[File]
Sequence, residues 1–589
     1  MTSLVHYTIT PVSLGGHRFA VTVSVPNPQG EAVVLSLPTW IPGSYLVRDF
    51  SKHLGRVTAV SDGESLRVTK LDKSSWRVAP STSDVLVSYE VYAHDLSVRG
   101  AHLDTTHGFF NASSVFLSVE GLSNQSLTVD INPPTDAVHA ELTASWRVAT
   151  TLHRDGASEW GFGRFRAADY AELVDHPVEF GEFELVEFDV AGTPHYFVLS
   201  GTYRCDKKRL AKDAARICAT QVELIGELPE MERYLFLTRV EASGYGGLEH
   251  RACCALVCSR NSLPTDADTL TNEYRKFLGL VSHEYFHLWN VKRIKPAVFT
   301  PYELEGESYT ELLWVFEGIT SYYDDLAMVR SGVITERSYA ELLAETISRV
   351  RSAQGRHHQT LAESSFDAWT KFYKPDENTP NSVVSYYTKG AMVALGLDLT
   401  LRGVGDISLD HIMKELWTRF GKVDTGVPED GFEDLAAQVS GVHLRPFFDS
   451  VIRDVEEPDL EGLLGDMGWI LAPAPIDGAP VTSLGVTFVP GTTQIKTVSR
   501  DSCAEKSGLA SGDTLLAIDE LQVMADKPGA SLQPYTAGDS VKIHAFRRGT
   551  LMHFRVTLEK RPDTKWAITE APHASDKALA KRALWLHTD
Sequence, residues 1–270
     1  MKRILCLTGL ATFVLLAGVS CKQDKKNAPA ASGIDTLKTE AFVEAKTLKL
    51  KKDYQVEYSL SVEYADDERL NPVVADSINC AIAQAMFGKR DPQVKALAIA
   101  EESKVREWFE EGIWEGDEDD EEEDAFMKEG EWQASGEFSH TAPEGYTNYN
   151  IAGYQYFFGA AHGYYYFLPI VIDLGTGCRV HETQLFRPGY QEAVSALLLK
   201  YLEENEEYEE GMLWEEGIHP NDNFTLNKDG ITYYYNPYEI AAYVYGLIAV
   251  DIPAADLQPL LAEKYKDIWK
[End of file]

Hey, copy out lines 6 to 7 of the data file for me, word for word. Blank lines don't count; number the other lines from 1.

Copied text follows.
   201  GTYRCDKKRL AKDAARICAT QVELIGELPE MERYLFLTRV EASGYGGLEH
   251  RACCALVCSR NSLPTDADTL TNEYRKFLGL VSHEYFHLWN VKRIKPAVFT